Palliative Care vs Assisted Suicide: A False Dichotomy?
''It's unCanadian not to allow people to be empowered to make end of life decisions for themselves." - Steven Fletcher, MP
It has long been believed that patients (especially those with terminal cancer) wish to die when they can no longer endure the agony of unrelieved pain - a product of inadequate palliative care. The argument goes like this: Boost access to palliative care, manage pain and watch support for assisted suicide crumble.
But should palliative care come before assisted death? Or do they go hand in hand towards helping Canadians achieve a so-called "good death?" We hear from the people who have a stake in both issues.
Carol O'Ree is a Newfoundland woman with terminal ovarian cancer. She has undergone several rounds of surgery, chemotherapy and radiation. She's been off active treatment for a year, and is receiving palliative care at Health Sciences Centre in St. John's.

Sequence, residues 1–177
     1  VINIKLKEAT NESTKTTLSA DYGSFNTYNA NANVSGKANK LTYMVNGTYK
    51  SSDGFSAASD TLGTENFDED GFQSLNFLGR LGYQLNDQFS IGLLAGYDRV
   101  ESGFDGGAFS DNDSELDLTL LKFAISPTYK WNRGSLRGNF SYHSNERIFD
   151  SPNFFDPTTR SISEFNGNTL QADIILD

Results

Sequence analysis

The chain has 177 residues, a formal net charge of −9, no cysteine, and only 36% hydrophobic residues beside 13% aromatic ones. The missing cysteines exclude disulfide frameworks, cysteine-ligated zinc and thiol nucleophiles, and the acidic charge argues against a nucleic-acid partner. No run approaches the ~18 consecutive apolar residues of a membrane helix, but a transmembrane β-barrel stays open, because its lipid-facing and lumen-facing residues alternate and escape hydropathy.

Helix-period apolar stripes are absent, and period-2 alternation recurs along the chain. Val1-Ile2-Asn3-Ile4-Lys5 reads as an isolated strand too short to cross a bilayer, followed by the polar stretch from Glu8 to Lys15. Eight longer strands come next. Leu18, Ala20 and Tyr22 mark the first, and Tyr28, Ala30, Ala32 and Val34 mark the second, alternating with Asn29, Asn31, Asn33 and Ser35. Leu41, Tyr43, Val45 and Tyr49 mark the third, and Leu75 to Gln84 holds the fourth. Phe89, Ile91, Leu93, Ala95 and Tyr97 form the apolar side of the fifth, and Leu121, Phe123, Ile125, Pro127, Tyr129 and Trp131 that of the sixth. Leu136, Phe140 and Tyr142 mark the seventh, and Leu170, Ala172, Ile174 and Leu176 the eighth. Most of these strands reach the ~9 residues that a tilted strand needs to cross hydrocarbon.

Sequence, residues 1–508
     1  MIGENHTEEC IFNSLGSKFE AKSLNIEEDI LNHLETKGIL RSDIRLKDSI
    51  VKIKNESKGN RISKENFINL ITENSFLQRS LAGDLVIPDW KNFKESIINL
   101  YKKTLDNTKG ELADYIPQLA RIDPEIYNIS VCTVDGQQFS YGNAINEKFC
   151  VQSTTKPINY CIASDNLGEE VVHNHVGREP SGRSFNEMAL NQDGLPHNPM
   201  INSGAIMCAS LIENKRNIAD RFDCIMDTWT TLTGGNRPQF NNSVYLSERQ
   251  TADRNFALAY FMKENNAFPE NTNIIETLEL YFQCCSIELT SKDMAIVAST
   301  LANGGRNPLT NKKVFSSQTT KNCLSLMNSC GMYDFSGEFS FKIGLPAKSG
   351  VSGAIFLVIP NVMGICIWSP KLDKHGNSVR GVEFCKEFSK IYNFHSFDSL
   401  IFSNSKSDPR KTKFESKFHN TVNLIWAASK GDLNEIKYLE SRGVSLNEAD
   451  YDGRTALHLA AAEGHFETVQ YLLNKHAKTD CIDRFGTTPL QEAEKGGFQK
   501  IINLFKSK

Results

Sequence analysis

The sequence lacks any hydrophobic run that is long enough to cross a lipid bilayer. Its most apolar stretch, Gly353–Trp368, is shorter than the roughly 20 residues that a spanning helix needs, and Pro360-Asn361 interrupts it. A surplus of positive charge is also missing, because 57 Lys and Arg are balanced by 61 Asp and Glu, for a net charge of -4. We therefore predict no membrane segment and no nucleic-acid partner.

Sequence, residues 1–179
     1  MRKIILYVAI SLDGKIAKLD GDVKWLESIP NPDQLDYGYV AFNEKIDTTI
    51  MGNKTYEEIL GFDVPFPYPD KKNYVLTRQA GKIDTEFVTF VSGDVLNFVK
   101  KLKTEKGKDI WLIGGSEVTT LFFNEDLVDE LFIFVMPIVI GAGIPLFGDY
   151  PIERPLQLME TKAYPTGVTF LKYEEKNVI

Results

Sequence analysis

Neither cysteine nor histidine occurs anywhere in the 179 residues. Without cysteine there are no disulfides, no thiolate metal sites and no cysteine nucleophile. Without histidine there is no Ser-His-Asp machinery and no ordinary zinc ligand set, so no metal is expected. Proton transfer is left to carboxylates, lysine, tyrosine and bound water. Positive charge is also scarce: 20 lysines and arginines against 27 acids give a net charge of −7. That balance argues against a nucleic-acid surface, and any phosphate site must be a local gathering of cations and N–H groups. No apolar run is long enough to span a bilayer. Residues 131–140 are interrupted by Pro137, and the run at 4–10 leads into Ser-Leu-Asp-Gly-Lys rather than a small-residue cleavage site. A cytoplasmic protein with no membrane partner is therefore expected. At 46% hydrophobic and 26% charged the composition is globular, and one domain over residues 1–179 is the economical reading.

Fifteen months ago, Dr. Donald Low made a poignant video in favour of physician-assisted suicided, filmed just eight days before he died. His widow, Maureen Taylor tells the inside story of how Low's wish, and palliative care, filled his final days.
You can listen to a longer version of Dr. Goldman's interview with Maureen Taylor here:
Dr. James Downar, a Toronto palliative care doctor is on the Physician Advisory Council of Dying with Dignity Canada, which supports assisted death. Downar also had a working relationship with Dr.Don Low. He says the video Dr. Low made before his death made him re-think his own stance on doctor-assisted death.
Conservative Member of Parliament and quadriplegic Steven Fletcher tells Dr.Goldman why he introduced a private member's bill on assisted death and why he thinks it will be the law of the land within just three years.